8. Most of the early Final Fantasy games never made it to the U.S.
Much like any of Nintendo’s early franchises, the Final Fantasy series has gone on to become one of the biggest titles in gaming history. What started out as a single attempt to make a great role-playing game quickly exploded into the mega-franchise that’s still going on today…but it wasn’t easy being an American Final Fantasy fan when the franchise first took off.
Back in the ‘80s and ‘90s, only the most popular or profitable games made the jump from Japan to the U.S. – and no one knew if Final Fantasy was going to be a hit. It would take three years for the first game to make its way to American gamers – by that point, Square had already started work on a sequel.
This extended localization period continued on through the ‘90s, and as a result, many of the early Final Fantasy games remained Japanese exclusives. American gamers wouldn’t get a chance to play the second, third or fifth installments for years, and it wasn’t until Final Fantasy VII that the different installments would arrive in both territories at roughly the same time.
7. Older games were made harder to ensure that players kept renting them
Back in the days of the arcade, games weren’t just hard – they were punishing. Many classic coin-op games are considered to be some of the most brutally difficult games ever created, but it made sense: if the game was ridiculously hard, gamers were more likely to drop more quarters into the machine.
What’s strange is that, when games made the jump from arcades to home consoles, the difficulty never let up. Sure, it was expected that arcade ports were going to be hard, but if the console-exclusive games weren’t trying to suck the quarters out of gamers’ pockets, why were they still so tough to beat?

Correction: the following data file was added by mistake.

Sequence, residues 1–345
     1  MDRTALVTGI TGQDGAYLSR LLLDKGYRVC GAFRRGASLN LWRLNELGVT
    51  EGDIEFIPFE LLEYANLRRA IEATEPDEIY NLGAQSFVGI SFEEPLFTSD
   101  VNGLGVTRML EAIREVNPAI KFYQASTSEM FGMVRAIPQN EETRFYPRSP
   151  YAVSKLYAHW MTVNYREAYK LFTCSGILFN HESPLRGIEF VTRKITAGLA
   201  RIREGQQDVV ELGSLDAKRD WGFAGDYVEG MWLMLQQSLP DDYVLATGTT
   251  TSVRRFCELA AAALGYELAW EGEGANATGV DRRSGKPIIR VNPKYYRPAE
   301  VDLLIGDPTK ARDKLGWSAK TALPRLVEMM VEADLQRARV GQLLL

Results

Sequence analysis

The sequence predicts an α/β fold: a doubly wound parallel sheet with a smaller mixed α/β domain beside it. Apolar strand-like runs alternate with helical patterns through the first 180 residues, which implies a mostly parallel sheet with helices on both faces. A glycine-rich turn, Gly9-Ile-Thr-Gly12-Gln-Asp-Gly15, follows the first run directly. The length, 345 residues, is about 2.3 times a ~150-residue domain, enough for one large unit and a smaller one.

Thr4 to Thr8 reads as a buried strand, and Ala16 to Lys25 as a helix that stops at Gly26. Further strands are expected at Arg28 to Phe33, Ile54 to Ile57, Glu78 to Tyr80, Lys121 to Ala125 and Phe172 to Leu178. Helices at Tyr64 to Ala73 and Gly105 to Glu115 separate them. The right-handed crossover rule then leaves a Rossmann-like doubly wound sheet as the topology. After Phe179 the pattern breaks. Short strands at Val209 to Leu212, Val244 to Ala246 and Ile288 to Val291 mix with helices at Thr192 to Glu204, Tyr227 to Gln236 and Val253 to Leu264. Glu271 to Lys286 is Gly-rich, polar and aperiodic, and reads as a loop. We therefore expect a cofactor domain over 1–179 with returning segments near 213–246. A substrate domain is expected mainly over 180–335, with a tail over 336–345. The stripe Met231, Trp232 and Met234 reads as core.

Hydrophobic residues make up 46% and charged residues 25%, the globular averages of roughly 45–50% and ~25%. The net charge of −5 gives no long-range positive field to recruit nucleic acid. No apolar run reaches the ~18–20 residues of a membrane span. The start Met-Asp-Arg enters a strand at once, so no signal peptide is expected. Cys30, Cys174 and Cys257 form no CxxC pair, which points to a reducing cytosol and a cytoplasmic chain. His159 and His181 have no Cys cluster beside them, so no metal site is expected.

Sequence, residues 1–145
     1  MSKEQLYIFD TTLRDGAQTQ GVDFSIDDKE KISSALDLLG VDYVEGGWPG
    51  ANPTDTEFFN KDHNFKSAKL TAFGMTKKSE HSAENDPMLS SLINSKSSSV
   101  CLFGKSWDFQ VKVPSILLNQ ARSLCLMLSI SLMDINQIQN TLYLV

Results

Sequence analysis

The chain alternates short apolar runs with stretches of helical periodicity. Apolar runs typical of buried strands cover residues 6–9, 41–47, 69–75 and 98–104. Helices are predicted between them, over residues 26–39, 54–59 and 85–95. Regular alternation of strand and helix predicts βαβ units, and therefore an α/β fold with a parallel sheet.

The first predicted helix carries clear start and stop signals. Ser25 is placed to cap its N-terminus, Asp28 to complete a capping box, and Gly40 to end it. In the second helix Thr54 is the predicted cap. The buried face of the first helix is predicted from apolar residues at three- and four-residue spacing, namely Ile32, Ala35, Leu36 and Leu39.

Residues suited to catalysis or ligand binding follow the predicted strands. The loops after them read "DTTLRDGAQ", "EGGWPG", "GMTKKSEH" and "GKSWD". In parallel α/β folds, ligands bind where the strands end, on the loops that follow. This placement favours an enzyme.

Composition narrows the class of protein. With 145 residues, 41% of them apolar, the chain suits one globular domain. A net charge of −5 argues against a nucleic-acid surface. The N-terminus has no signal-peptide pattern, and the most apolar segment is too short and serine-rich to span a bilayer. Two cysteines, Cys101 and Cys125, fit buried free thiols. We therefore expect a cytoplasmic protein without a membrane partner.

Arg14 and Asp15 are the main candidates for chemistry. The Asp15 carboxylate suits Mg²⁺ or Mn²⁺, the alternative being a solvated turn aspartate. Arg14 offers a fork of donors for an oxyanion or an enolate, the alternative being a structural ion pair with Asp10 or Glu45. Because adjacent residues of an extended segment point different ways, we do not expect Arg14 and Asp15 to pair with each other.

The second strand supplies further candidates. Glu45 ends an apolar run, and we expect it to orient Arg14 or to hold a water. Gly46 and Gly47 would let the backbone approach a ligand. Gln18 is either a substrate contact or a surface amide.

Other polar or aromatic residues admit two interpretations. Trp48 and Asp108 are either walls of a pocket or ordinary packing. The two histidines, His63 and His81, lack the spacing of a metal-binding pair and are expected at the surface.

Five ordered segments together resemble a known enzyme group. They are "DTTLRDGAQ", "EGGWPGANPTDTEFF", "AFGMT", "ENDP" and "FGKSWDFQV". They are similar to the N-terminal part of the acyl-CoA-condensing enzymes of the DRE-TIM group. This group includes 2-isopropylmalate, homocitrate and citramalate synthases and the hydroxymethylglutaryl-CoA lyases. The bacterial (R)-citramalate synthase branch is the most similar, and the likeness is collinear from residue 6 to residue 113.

As it turns out, publishers were still hoping to bank on a game’s difficulty, but for a different reason: if a game was hard, players were more likely to keep renting it from stores like Blockbuster. Some developers have even admitted to re-working parts of their games simply to make it tougher for players to get through, all in the hopes that they’d rent the game again once their time was up.
6. It’s possible to find Mew in Pokemon Red, Blue and Yellow
Of all the popular gaming urban legends out there, finding Mew in Pokemon Red, Blue & Yellow has to be one of the biggest. Before the Internet was a widespread, household item, gamers really only had one source of information: each other. As such, rumors and blatant lies spread like wildfire – and the myth of Mew hiding somewhere in the original Pokemon games was one of the most popular rumor of its kind.
What’s funny is that, while attempts to find Mew usually wound up failing, there is a way to obtain the extremely rare Pokemon without cheating or hacking the game. By taking advantage of a glitch in how the games store their Trainer and Pokemon information, players can trigger a legitimate fight with Mew – and, just like any other Pokemon, Mew can be weakened and caught.
5. Players were originally supposed to fight Professor Oak
The ending of the original Pokemon games are forever burned into the memories of an entire generation of gamers. After powering through both Team Rocket and the Elite Four, players expected to see the credits start rolling – only to learn that their rival was waiting for them, standing guard as the game’s final boss.
It’s an iconic moment, and taking the top spot in the Pokemon League was an amazing feeling – but the original ending would have played out a little differently had the development team not cut a pivotal battle at the last second.
In early versions of the original Pokemon games, Professor Oak acted as the player’s final challenge upon returning to their home in Pallet Town. The fight, while glitchy, can still be accessed in some versions of the game via hacking – and, judging from his team of high-level monsters, the Professor would have been an absolute powerhouse of a final boss..
4. The original Street Fighter was an unplayable mess